Friday, 15 November 2013
The All-Party Parliamentary Group on Home education
I have heard from one or two readers this morning, who feel that they have been left behind by the recent discussion here about the APPG on home education. Perhaps I should give a little background. There are dozens of informal groups at parliament, where MPs, peers and members of various charities, special-interest groups and so on get together to discuss anything from football and farming to brass bands. Or, in this case, home education. Although such groups have no real, official status, they can exert a certain amount of power especially when they are led by the Chair of the relevant select committee. Graham Stuart, for those who didn’t know.
Because MPs and peers are usually busy, the actual running of the groups is often delegated to a secretariat; a few people who arrange meetings, issue invitations, take minutes and sometimes act as gatekeepers. These individuals can really shape the APPG in their own image. In the case of the APPG on home education, these gatekeepers are Fiona Nicholson and Jane Lowe. Now immediately, some people can see a problem with that; or really two problems. The first is of course that nobody elected these two people to that role. It looks to some as though Fiona and Jane simply had the sharpest elbows and were shrewd enough at intriguing to get themselves into this position. The second problem that some have, is even bigger. It is that Fiona Nicholson and Jane Lowe share something in common with the present writer. (And no, for those who have been reading the awful things that Maire Stafford and her cronies have been saying about me, it is not that we all dye our hair!) The fact is that any new legislation or changes in regulations will not affect Fiona and Jane, because they are no longer home educators. It will be recalled that when I was invited to give evidence to the select committee in 2009, a great fuss was made about this and it was thought that the fact that my daughter was no longer being educated at home should have been enough to disqualify me from expressing an opinion on the subject. The same thing is now being said about Fiona Nicholson and Jane Lowe.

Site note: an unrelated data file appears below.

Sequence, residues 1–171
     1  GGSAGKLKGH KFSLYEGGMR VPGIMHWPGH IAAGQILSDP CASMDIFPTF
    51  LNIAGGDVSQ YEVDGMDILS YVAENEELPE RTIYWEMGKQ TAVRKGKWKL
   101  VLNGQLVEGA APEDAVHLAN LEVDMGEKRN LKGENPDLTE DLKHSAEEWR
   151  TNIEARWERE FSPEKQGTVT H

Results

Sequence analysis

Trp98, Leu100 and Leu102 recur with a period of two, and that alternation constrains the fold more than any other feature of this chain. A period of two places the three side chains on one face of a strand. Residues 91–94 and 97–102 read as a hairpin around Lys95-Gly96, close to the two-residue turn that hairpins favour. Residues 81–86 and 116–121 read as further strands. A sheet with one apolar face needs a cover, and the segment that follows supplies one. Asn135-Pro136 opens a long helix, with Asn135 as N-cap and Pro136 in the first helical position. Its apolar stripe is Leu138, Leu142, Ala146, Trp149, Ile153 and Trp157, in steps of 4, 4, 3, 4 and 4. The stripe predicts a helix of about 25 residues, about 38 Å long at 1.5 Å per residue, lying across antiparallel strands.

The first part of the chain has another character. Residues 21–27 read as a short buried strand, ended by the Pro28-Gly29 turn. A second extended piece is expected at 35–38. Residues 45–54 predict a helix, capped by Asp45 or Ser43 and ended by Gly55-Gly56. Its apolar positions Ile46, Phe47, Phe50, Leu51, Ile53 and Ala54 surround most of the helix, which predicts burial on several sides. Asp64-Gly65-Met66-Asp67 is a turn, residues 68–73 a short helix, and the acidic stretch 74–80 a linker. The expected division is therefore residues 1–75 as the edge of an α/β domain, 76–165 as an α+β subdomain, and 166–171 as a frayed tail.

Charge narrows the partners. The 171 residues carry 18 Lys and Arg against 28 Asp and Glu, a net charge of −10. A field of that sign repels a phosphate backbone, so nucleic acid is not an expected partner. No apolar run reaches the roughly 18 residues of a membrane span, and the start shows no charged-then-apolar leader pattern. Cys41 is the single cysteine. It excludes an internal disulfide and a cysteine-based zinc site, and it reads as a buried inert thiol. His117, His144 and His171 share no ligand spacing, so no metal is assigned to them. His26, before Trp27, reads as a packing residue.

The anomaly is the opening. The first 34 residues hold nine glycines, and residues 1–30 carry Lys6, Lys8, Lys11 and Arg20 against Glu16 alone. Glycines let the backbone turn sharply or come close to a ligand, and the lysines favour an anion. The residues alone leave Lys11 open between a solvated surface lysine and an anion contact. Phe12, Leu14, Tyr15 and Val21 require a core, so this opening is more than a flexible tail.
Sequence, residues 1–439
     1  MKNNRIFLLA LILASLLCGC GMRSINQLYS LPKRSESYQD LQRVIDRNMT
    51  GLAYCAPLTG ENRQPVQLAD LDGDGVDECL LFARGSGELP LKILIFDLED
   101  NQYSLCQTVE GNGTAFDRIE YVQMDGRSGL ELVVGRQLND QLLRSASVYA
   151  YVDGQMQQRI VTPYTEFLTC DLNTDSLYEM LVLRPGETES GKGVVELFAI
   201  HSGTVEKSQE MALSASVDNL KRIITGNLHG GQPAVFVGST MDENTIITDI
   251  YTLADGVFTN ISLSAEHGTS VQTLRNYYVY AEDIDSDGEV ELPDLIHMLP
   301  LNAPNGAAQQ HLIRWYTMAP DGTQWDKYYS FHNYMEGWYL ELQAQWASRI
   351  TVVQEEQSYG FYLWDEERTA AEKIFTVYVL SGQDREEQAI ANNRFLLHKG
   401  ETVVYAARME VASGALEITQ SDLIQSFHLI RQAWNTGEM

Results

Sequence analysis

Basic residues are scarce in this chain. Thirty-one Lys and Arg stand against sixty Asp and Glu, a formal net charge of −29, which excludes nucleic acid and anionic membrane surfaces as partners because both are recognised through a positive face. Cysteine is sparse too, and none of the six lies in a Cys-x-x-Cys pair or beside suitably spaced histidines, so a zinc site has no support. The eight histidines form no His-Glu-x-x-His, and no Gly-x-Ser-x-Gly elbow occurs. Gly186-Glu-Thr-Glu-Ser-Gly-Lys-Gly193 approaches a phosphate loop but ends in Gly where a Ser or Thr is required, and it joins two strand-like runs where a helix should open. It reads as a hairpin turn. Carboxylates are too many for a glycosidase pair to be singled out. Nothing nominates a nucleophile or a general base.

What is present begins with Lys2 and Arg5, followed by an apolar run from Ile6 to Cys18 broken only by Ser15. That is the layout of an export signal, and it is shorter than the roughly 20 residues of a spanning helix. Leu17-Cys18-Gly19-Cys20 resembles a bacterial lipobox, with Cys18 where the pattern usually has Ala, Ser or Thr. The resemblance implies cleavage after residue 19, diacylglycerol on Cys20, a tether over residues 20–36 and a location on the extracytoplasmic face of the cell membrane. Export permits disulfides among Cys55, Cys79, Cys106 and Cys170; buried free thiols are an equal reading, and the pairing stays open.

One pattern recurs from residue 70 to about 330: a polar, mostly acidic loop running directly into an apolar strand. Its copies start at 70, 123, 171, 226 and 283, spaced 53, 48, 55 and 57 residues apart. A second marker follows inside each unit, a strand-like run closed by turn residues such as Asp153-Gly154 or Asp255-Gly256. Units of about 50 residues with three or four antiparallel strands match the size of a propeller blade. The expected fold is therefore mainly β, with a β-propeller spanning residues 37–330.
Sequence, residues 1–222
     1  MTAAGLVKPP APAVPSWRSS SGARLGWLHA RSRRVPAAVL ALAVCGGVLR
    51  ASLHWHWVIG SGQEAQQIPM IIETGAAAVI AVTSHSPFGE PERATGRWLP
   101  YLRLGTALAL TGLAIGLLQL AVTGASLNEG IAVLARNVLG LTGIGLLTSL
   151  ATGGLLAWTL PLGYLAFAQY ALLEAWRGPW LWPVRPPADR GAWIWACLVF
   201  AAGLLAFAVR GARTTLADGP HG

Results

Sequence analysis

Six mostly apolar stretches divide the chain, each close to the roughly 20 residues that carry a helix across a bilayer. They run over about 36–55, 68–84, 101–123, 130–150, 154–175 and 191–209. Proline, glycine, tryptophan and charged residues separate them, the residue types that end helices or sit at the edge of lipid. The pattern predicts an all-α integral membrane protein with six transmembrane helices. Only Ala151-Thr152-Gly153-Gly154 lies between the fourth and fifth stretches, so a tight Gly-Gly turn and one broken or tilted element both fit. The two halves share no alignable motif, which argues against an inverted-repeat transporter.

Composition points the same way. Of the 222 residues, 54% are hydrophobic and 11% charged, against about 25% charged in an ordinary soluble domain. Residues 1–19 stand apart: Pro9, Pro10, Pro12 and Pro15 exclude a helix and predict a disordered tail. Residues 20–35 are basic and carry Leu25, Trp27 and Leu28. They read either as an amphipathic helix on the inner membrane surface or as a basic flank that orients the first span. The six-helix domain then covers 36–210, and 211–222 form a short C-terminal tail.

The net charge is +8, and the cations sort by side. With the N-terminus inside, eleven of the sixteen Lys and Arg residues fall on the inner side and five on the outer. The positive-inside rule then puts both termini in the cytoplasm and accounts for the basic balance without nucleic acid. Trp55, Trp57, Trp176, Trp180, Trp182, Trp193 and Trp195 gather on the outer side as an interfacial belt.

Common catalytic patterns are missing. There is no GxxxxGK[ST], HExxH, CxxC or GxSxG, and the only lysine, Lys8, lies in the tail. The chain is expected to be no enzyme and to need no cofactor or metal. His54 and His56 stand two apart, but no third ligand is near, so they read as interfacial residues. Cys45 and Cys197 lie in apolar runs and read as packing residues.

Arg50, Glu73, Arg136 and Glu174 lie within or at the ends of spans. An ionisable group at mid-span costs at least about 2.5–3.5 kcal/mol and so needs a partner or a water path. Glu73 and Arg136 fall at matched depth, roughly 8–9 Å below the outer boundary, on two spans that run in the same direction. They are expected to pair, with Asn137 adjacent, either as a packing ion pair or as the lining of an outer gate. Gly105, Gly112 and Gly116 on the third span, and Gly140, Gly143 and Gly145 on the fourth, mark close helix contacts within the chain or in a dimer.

Some current home educators have another difficulty, as far as Fiona Nicholson is concerned. In 2009, she and a few friends, such as Ian Dowty, submitted this document during the Badman enquiry.
Among other things, it recommended:
4. Recommendation: that the DCSF Elective Home Education Team should
work with home education support organisations to set up a national
Committee for Home Education, remit to include contributing to
Government policy initiatives related to home education, contributing to
Impact Assessments and making recommendations related to Home
This national committee was to have a far-ranging but rather vague role and relationship to the government. It was not unnaturally assumed that Fiona visualised herself as heading this committee, which was to some sort of Quango. This belief was strengthened when she gave evidence to the Children, Schools and Families select committee on October 14th 2009. I was also giving evidence that day and one thing which struck me very powerfully was Fiona’s inability to say whether or not she approved of compulsory registration for home educators. Barry Sheerman, the Chair, pressed her repeatedly on this point, but she waffled on for some time, finally saying:
I am not taking a position on whether I think it would be a good or bad thing
Call me an old cynic, but the construction which I put upon that was that Fiona was in favour of registration, but reluctant to say so out loud, in case it alienated too many other home educators.
In short, there are those who are suspicious of Fiona Nicholson’s involvement in the APPG, because rather than being a home educating parent, she now has a commercial interest in the subject and is apparently being paid by at least one local authority to give advice. Incidentally, the APPG apparently has a website, about which few seem aware. If there really is such a thing, one guesses that it was set up by Fiona’s son Theo, who is something of a whiz about computer and internet related matters.
I must make one final point, which is that on a personal level, I am very much a fan of Fiona’s. She is an enthusiast for both the Molesworth and William books and I never knew anybody who enjoyed those books to be otherwise than fundamentally sound!